Varicose veins are unsightly and uncomfortable, but are they a sign of heart disease? While their presence indicates a blood flow problem somewhere when the veins are carrying blood back to the heart to be oxygenated, varicose veins don’t cause or indicate heart problems. But it’s important to know what health risks they do carry.
Causes and Symptoms of Varicose Veins
Poor circulation in one or more veins can lead to the blood pooling, often in the leg, which causes varicose veins. Symptoms include:
- Visible dark blue or purple veins that may twist or bulge
- Aching or heaviness in affected limbs
- Feelings of swelling, itching or burning
- Muscle cramps
People who are more prone to develop varicose veins are:
- Those with a family history
- People who are overweight or obese
- Women experiencing changes in hormone levels
- Those in occupations that require excessive sitting or standing
When Varicose Veins and Heart Disease Combine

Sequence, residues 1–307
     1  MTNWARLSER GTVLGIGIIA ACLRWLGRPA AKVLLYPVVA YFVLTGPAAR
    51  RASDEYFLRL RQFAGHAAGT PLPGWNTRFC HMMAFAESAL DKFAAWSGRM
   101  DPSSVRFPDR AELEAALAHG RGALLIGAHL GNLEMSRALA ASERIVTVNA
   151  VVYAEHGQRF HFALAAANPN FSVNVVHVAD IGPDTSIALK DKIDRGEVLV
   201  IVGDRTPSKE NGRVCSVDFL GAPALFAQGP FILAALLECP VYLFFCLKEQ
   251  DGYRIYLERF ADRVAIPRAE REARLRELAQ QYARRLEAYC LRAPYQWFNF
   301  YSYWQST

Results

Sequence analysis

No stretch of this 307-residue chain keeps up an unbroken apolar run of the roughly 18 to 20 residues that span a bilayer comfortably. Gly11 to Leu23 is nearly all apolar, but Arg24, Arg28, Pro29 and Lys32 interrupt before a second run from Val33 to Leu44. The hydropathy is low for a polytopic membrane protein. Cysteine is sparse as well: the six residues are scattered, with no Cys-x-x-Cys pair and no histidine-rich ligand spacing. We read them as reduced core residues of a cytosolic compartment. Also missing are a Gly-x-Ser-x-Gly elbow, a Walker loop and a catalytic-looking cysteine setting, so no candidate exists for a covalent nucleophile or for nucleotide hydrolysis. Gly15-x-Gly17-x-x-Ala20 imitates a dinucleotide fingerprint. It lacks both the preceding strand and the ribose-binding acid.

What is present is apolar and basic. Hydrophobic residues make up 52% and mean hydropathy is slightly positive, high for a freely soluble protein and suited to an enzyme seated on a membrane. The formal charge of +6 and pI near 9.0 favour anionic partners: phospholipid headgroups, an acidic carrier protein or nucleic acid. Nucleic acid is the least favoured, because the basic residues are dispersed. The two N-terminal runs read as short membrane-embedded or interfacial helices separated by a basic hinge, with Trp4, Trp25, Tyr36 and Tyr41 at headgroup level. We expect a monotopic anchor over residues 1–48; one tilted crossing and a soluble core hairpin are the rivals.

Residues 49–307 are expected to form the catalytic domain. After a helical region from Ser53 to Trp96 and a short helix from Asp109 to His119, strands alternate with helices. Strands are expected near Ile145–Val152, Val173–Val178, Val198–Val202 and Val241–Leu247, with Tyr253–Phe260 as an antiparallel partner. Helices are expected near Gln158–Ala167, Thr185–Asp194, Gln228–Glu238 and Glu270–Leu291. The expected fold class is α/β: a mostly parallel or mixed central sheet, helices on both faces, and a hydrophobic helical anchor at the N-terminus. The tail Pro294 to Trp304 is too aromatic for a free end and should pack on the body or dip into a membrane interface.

People who simultaneously suffer from heart disease and varicose veins may be more prone to developing infections and swelling. For example, if you suffer right-sided heart failure there may be an increase in venous pressure in the legs.
If left untreated, varicose veins can lead to increased pain and swelling or an inflammatory condition in the vein. Blood clots can form in deeper veins and may obstruct blood flow, causing problems to other vessels. The clot can also break free and travel to the lungs, causing a potentially fatal pulmonary embolism.
Schedule an appointment with Dr. Baker to learn about options for removing your varicose veins and the cosmetic and medical conditions they can cause.